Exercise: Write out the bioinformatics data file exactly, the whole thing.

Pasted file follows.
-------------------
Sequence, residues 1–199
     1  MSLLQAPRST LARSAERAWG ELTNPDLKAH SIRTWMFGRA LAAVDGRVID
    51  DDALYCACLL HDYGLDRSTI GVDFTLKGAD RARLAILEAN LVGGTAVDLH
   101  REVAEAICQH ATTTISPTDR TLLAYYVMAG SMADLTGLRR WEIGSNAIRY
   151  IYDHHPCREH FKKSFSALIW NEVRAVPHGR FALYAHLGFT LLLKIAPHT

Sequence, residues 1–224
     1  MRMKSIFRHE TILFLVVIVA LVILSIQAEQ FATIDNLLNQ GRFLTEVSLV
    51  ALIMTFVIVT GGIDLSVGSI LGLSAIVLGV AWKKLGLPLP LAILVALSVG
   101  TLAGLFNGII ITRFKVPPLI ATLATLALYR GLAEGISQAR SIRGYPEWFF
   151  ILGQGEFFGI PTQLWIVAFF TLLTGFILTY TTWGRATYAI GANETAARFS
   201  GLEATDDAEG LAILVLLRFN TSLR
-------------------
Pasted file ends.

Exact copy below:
Sequence, residues 1–199
     1  MSLLQAPRST LARSAERAWG ELTNPDLKAH SIRTWMFGRA LAAVDGRVID
    51  DDALYCACLL HDYGLDRSTI GVDFTLKGAD RARLAILEAN LVGGTAVDLH
   101  REVAEAICQH ATTTISPTDR TLLAYYVMAG SMADLTGLRR WEIGSNAIRY
   151  IYDHHPCREH FKKSFSALIW NEVRAVPHGR FALYAHLGFT LLLKIAPHT

Sequence, residues 1–224
     1  MRMKSIFRHE TILFLVVIVA LVILSIQAEQ FATIDNLLNQ GRFLTEVSLV
    51  ALIMTFVIVT GGIDLSVGSI LGLSAIVLGV AWKKLGLPLP LAILVALSVG
   101  TLAGLFNGII ITRFKVPPLI ATLATLALYR GLAEGISQAR SIRGYPEWFF
   151  ILGQGEFFGI PTQLWIVAFF TLLTGFILTY TTWGRATYAI GANETAARFS
   201  GLEATDDAEG LAILVLLRFN TSLR